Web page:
Monday, June 15, 2015

Proust and the Squid: the story and the science of the reading brain - overview

Came across this book by Maryanne Wolf (2007) published by Icon Books, at the local public library

Positive reviews from the guardian and a recent one from hastac encouraged me to work my way through the book over several evenings.

The book reads well, Wolf intersperses her own challenges with a dyslexic son, with the latest interpretations through neuroscientific research, of how the brain learns how to read. The book uses metaphors from the recent media and the western literature corpus, to bring light to concepts on learning, neuroscience and philosophy. An audience, unexposed to the delights of classical books like Charlotte’s Web, the Lion, the Witch and the Wardrobe, Dr. Seuss etc. may have a bit of work to do to unravel some of the explanations.

However, of importance is the explanation of how reading evolved in different cultures. How writing is organised, whether logographic (Egyptian hieroglyphics, Chinese, Japanese Kanji) or alphabetical / phonetic (Germanic languages), affects how people learn how to read. Different parts of the brain are activated when language is presented in different ways.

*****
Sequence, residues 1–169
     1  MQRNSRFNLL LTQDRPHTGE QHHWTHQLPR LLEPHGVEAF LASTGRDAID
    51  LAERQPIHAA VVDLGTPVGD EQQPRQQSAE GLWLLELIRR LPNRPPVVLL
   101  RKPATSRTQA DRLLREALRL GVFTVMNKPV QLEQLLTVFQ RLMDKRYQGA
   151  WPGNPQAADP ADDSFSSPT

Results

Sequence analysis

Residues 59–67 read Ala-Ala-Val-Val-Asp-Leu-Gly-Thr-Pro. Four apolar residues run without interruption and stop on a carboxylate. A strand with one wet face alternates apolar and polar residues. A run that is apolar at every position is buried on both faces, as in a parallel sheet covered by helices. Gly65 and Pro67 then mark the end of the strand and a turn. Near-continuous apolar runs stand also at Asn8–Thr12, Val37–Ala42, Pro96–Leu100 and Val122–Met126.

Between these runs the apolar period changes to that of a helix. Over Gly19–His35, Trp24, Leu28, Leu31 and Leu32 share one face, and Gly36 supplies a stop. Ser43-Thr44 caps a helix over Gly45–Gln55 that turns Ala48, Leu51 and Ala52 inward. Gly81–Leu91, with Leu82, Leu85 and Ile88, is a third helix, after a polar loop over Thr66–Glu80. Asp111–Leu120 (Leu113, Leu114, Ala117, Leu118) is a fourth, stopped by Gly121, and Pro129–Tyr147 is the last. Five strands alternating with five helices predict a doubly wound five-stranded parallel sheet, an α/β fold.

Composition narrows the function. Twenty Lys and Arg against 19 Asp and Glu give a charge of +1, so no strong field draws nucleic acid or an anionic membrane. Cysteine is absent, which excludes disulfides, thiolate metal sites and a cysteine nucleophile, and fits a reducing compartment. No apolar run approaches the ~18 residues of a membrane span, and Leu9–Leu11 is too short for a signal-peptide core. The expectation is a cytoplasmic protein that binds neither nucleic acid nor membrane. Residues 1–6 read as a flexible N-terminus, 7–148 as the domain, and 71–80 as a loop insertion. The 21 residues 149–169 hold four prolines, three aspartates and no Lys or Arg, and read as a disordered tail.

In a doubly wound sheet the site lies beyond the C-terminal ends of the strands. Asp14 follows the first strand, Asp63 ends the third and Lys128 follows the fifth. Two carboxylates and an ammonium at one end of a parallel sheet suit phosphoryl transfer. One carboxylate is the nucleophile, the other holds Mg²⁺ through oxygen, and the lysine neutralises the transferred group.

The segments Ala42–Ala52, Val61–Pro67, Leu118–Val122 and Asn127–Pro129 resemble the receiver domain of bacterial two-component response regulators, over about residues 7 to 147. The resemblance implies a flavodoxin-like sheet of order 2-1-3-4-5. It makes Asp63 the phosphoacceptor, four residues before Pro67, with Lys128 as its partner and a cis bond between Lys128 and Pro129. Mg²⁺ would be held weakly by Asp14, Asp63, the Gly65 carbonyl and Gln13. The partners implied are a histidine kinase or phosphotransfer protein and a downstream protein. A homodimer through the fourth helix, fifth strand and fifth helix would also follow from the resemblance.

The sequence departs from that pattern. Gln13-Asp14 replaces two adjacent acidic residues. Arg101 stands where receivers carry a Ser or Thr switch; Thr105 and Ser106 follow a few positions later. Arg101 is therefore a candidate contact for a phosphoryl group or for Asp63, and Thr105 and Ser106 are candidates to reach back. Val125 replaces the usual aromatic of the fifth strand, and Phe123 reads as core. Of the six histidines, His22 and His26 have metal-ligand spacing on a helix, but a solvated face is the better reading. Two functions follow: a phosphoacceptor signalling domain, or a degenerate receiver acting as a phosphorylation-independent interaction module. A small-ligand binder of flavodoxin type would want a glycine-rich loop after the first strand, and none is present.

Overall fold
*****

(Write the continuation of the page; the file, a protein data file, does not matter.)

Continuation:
Three parts:
Part 1 presents book overview and two chapters of how the first writing systems evolved and the development of the alphabet. Socrates argument of writing replacing the rigours of the oral tradition is also presented and discussed.

Part 2 reviews neuroscience studies on how the brain learns including how children learn to read (or not). Much of relevance here in understanding how parts of the brain are used for different aspects of reading.

Part 3 presents latest perspectives on why some people find it difficult to learn how to read, including discussions on the causes of dyslexia and how the present move to ‘screen reading’ and the ‘google’ generation may lead to changes in which reading develops. This section is on the weak side but the points discussed are important.

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